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Statistics`LinearRegression`

The built-in function Fit finds the least-squares fit to a data set as a linear combination of given basis functions. This is precisely what one needs for linear regression. The functions Regress and DesignedRegress provided in this package augment Fit by giving a list of commonly used statistics such as RSquared, EstimatedVariance, and ANOVATable. The output of the regression functions can be controlled so that only needed information is produced.
Linear regression finds the linear combination of basis functions that best approximates the data in terms of least squares. The basis functions, , define the model by specifying the predictors as functions of the independent variables. The resulting model is , where is the

response, is the

basis function evaluated at the

case, and is the error of the

case.
Estimates of the coefficients are calculated to minimize , the residual sum of squares. For example, simple linear regression is accomplished by defining the basis functions as and , in which case and are found to minimize

.


Using Regress.

The arguments of Regress are of the same form as those of Fit. The data can be a list of vectors, each vector consisting of the observed values of the independent variables and the associated response. The basis functions must be functions of the symbols given as variables. These symbols correspond to the independent variables represented in the data.
The data can also be a vector of data points. In this case, Regress assumes that this vector represents the values of a response variable with the independent variable having values ,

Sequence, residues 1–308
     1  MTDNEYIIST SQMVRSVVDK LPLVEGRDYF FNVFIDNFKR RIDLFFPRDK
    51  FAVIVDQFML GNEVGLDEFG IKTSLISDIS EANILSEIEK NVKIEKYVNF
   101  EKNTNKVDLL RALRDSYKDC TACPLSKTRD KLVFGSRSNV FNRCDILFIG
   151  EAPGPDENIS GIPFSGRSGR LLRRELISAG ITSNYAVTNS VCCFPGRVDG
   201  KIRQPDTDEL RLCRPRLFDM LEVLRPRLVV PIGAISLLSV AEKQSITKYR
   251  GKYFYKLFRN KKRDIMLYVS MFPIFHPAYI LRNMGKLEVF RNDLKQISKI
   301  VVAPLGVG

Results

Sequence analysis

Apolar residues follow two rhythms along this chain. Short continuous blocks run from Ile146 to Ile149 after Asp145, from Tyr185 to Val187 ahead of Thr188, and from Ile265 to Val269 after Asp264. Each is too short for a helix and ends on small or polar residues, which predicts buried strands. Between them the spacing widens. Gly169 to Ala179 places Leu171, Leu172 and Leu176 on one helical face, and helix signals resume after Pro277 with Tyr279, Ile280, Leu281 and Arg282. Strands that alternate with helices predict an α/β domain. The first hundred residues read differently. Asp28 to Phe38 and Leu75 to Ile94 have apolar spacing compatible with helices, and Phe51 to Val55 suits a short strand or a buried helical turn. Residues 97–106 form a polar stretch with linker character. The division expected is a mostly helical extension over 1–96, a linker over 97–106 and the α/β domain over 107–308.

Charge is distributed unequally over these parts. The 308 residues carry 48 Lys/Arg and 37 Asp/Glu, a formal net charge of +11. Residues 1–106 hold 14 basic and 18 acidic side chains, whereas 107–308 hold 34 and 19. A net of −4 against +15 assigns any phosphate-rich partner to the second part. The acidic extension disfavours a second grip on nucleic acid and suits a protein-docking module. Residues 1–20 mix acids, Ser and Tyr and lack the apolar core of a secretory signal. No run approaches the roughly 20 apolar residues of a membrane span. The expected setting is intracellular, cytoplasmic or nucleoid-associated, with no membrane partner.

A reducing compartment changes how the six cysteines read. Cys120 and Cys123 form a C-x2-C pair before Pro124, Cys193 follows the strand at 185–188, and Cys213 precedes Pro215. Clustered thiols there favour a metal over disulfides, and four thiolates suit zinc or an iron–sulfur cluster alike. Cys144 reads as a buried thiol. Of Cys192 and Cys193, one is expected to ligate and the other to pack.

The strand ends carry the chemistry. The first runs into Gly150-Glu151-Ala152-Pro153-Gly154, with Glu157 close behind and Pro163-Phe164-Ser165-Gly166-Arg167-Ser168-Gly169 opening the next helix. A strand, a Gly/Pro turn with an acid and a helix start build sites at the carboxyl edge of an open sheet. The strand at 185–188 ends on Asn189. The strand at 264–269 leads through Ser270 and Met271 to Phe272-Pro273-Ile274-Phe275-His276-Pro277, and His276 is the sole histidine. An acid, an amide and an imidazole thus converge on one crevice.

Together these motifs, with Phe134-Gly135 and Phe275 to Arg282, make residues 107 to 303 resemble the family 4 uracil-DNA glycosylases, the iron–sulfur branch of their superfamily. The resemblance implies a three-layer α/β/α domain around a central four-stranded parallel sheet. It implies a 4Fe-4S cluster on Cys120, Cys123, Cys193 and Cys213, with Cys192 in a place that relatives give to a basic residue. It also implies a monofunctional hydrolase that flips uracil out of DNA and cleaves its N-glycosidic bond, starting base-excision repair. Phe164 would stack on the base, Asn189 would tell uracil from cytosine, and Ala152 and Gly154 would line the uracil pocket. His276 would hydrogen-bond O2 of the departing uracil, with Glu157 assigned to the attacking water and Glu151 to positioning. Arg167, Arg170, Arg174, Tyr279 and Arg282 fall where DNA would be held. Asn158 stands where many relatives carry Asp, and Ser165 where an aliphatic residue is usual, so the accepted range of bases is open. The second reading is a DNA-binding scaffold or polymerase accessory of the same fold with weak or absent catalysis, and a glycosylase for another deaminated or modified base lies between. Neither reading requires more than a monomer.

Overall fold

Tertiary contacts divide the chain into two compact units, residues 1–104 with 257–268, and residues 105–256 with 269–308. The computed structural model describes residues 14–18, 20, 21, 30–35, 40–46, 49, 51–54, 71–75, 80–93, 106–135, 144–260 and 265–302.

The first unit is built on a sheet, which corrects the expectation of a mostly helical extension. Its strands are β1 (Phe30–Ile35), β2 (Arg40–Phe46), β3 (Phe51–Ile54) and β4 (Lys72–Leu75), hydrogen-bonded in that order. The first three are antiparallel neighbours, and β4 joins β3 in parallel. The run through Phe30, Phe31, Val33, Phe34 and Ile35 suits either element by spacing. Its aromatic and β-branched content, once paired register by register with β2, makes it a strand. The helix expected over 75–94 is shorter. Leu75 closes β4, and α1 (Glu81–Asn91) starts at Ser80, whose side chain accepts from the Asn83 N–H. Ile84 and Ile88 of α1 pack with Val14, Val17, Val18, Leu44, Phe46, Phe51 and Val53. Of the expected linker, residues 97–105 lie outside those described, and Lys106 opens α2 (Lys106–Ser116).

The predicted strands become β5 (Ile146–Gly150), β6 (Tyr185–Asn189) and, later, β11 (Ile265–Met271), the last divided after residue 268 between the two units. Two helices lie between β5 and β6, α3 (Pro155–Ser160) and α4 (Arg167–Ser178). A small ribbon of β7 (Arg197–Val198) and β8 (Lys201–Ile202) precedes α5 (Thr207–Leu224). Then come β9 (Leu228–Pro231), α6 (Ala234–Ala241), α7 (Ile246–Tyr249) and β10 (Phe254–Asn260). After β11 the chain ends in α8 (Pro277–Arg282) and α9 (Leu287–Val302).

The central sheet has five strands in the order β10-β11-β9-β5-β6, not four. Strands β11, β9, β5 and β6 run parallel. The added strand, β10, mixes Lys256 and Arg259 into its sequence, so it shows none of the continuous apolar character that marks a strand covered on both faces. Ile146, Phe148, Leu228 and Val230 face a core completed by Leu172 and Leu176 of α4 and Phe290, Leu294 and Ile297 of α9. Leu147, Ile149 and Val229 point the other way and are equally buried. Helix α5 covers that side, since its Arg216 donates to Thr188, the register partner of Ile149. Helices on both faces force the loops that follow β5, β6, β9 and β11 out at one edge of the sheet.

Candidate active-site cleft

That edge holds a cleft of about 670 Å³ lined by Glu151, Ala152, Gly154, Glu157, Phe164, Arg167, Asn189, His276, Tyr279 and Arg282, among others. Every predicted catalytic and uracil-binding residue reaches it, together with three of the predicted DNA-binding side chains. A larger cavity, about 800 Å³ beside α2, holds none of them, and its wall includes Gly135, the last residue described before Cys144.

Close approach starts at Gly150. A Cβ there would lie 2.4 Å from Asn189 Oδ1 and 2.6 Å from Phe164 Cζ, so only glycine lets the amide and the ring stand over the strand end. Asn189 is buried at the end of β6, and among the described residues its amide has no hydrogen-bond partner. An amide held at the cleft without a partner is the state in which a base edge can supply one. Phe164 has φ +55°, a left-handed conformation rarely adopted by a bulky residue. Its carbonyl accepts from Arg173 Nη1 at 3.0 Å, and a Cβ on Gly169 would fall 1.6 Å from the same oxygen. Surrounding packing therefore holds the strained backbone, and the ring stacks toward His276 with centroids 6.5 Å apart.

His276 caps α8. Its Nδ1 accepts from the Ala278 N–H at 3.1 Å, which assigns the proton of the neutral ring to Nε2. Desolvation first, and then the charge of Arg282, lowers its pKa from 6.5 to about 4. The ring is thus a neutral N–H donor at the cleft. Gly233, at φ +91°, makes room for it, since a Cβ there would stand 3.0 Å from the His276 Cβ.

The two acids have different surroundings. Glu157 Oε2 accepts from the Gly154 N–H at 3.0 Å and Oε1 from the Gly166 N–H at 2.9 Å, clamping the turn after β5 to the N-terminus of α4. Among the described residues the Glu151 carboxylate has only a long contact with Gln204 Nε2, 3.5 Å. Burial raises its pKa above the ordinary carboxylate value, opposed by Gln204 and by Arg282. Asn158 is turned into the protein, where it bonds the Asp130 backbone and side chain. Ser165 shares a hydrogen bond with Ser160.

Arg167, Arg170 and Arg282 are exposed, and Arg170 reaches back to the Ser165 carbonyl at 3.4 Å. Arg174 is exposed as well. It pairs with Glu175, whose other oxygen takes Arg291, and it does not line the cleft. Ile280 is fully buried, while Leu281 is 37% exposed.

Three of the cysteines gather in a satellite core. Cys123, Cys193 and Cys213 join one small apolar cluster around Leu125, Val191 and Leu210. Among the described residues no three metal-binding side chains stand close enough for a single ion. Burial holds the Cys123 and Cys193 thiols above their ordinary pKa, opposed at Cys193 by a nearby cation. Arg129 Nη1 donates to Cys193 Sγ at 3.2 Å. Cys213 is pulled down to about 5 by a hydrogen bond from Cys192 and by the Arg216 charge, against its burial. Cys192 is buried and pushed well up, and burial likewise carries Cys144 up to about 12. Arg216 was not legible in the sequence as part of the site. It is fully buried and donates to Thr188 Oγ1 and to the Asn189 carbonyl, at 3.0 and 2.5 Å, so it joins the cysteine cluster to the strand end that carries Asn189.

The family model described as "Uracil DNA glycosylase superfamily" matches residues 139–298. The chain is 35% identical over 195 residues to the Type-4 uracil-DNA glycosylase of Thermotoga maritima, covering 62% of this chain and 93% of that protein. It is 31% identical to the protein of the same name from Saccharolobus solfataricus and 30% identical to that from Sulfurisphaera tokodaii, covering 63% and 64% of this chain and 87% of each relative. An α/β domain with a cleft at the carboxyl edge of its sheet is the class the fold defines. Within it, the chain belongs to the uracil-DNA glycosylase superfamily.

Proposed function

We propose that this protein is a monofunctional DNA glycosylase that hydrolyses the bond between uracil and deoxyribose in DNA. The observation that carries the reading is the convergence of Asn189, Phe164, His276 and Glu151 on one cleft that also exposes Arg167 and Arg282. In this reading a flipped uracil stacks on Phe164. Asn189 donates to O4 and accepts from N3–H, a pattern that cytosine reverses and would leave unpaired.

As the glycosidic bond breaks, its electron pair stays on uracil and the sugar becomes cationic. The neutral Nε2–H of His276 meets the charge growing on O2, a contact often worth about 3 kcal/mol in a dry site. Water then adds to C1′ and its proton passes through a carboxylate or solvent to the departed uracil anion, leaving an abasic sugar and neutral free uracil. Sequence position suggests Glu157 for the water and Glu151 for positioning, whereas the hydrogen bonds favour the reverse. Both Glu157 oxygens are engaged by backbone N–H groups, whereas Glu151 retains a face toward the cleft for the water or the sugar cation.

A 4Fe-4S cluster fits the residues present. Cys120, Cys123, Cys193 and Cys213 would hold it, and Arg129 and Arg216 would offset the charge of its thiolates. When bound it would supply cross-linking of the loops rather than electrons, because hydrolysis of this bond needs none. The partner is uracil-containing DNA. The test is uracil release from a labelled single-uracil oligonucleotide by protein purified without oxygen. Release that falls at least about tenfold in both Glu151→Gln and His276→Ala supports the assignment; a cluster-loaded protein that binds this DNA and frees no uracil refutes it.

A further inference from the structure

, ... .


Ways of specifying data in Regress.

  • This loads the package.
  • In[1]:= <<Statistics`LinearRegression`

  • Here is a set of data. The first element in each pair gives the value of the independent variable, while the second gives the observed response.
  • In[2]:= data = {{0.055, 90}, {0.091, 97}, {0.138, 107},
    {0.167, 124}, {0.182, 142}, {0.211, 150},
    {0.232, 172}, {0.248, 189}, {0.284, 209},
    {0.351, 253}};

  • This is a plot of the data.
  • In[3]:= dplot = ListPlot[data]


  • This is the regression output for fitting the model . Chop replaces the p-values below with 0

    .
  • In[4]:= (regress = Regress[data, {1, x^2}, x];
    Chop[regress, 10^(-6)])

    Out[4]=

  • You can use Fit if you only want the fit function.
  • In[5]:= func = Fit[data, {1, x^2}, x]

    Out[5]=


    Options for Regress.

    Two of the options of Regress influence the method of calculation. IncludeConstant has a default setting True, which causes a constant term to be added to the model even if it is not specified in the basis functions. To fit a model without this constant term, specify IncludeConstant->False and do not include a constant in the basis functions.
    The Weights option allows you to implement weighted least squares by defining a vector of weights for the error variances. The errors are assumed to be uncorrelated, with unequal variances given by , where is the weight associated with the

    response. When Weights

    ->



    , ... ,

    , the parameters are chosen to minimize the weighted sum of squared residuals .